Relationships column: When an 'old friend' tweets unexpectedly

  • b's relationship columnist Zahara Johnson.
b's relationship columnist Zahara Johnson. (Lloyd Fox, Baltimore Sun )
September 24, 2014|By Zahara Johnson | For The Baltimore Sun

It was Monday morning. I was tired and my allergies were uncivil. My body was sore from yoga the day before, and just the thought of work in a few hours intensified my aches.

From my window, I could see a dazzling red rose, flowing effortlessly in the morning breeze. I rolled my eyes at its beauty before painfully rising to begin my day. "Ow," I complained, as my body was a living example of "no pain, no gain."

I stretched long and hard, in an attempt to awaken my dead limbs. I glanced at my phone to see the time. 9:14 a.m. Pretty early. At the top of the phone's display was an icon. I had a direct message on Twitter.

I hadn't used Twitter in months so I just knew it was spam. No, I wasn't interested in any diet pills and I certainly didn't wish to see any leaked naked photos.

I clicked on the icon, and there he was. My ex.

"Hello," his first message read. How formal and uninviting, I thought.

"Wassup," I replied, trying to sound as cool as possible.

Within our short conversation, he asked how I was and I did the same. He asked about my family and I about his job. There was nothing else to be said -- at least for me.

Continuing with my day, I brushed my teeth and did a few chores. I even contemplated working out but grabbed some food instead.

I sat on my bed with a bowl of Honey Bunches of Oats accompanying me. I turned the TV on and became captivated by how Rachael Ray cooked up a heavenly meal in just 30 minutes. I nearly inhaled my bowl of cereal when my phone vibrated, startling me since I had no idea I was sitting on it.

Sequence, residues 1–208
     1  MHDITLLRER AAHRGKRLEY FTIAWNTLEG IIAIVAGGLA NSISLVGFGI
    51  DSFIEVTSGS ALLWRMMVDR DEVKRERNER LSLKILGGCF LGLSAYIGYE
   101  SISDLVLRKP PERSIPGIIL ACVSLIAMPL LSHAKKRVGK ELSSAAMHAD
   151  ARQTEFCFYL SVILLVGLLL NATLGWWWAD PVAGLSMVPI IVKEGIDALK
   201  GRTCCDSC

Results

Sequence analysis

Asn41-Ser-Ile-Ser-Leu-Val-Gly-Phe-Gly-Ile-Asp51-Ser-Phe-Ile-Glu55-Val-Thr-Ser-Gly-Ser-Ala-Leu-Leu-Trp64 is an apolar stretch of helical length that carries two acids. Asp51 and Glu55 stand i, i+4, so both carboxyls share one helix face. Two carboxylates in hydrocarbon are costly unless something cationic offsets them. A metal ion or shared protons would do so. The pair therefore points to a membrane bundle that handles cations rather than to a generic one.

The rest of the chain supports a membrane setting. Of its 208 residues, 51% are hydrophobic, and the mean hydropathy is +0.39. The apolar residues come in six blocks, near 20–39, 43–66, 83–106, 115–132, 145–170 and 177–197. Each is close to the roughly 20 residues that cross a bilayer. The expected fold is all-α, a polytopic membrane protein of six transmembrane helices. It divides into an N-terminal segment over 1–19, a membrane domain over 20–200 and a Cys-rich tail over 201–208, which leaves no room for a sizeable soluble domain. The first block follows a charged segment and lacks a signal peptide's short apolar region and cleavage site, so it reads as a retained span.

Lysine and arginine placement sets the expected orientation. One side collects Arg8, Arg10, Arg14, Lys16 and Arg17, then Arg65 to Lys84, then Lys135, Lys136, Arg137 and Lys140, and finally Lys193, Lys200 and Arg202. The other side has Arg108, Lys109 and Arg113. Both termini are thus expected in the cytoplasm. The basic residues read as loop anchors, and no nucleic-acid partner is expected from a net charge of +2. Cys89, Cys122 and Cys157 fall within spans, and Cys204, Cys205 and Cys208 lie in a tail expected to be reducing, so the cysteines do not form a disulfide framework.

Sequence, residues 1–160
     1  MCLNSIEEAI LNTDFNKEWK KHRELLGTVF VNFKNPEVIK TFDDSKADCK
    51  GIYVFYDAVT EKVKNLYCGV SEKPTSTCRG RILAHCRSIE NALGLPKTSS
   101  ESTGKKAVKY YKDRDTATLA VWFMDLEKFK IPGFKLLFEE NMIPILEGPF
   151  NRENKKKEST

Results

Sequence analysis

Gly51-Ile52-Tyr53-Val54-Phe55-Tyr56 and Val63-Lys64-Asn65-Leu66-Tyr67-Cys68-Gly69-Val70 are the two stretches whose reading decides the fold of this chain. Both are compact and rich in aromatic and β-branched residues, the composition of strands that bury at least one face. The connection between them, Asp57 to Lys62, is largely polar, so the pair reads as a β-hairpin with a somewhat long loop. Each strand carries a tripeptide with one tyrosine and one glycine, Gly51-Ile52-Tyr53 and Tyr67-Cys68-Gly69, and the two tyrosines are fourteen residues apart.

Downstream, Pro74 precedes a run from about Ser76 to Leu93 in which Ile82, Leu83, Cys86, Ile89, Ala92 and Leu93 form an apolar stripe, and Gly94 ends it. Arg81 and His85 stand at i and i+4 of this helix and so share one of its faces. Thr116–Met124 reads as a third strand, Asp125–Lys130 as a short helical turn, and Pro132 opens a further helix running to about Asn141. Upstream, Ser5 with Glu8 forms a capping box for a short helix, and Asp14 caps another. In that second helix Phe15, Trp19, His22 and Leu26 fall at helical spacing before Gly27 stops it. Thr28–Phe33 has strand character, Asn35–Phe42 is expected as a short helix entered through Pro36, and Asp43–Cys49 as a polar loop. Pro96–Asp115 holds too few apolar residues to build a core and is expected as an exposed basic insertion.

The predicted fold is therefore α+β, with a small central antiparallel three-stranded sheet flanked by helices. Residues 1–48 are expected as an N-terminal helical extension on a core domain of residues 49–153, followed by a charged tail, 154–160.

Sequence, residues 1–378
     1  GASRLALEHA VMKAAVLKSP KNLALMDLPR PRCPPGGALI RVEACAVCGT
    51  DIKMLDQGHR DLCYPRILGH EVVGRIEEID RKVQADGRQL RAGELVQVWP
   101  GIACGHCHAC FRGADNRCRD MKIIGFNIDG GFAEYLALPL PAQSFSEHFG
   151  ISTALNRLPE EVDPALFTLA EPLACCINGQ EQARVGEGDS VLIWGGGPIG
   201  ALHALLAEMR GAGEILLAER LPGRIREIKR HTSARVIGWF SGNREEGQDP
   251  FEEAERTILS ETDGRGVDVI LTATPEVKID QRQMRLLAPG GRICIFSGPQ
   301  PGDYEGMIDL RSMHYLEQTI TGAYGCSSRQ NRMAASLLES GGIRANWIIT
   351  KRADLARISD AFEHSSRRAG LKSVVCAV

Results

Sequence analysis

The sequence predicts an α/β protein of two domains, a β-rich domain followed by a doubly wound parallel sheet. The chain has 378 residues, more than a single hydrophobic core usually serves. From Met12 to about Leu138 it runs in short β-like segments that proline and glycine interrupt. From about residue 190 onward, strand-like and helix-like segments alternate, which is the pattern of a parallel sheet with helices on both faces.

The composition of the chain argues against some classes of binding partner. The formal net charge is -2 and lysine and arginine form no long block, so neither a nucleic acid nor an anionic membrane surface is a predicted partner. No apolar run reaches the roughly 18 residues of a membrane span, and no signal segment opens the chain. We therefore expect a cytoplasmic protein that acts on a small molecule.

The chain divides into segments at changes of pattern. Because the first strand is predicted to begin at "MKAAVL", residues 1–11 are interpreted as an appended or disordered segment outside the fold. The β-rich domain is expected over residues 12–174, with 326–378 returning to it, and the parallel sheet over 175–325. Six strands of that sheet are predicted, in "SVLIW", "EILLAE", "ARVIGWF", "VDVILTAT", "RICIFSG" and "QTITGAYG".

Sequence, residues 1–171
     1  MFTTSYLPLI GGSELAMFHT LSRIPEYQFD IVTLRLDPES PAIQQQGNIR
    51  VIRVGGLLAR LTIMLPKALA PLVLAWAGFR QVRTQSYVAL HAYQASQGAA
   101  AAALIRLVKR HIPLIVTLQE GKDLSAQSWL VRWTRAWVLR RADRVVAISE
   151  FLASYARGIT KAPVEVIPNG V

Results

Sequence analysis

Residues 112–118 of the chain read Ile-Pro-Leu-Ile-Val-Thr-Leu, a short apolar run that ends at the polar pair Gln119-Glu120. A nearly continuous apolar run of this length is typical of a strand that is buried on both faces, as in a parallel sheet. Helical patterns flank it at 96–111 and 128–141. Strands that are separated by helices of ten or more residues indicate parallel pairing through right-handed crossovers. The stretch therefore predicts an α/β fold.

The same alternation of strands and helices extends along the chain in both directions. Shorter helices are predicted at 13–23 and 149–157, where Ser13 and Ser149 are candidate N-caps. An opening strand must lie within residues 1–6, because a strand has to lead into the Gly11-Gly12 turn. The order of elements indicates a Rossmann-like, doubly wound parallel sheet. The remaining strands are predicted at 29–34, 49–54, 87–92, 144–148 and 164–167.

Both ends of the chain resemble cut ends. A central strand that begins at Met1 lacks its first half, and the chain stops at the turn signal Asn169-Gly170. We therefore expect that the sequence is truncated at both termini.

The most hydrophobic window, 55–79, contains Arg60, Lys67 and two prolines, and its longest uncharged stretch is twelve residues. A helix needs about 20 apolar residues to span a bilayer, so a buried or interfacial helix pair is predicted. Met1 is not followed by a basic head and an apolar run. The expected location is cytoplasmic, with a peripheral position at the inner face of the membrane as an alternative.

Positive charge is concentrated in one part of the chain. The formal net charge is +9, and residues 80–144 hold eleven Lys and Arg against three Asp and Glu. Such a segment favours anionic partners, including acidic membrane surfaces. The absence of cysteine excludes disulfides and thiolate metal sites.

There was that icon, again. I thought the conversation was over.

"I don't want any problems," he said, as he messaged me his phone number.

I studied the numbers like they were foreign numerals. My relationship with my ex had ended more than a year ago and since that time, K got a new girlfriend and I a new boyfriend.

K was one of the first people I met when I moved to Baltimore for college. Our bond, our friendship, our connection seemed to linger, even when we hadn't spoken for months.

So, why was I battling this? If I called him, it would be innocent, right? I mean, I wouldn't call to engage in any inappropriate conversation. I respected my boyfriend too much and didn't want to tarnish our trust — again.

My memory quickly reminded me of how challenging my relationship had become when I just couldn't break contact with K. It was my idea to call it quits with my ex, so checking up on him every now and again wasn't wrong, I thought.

I remembered the irate look on my boyfriend's face when he grabbed my phone, scrolling unauthorized through my messages. Being the cause of his distress and fury was shameful.

I recalled the harsh charges made to my character: "a liar," "a cheater," "a whore," he had said (due in part to behavior like this, we have recently broken up). I had been scared and unsure that I was ready to move forward with another man.

I caught myself staring at the wall, as my memories subsided, jolting me back into reality. My ex's number was still staring me in the face.

Frankly, there was no way in hell I wanted to relive that time period. I was no longer fearful of leading a new life with someone else. I was comfortable with letting the past remain where it was. After all, I closed that chapter for a reason.

Zahara Johnson's column appears regularly in b.

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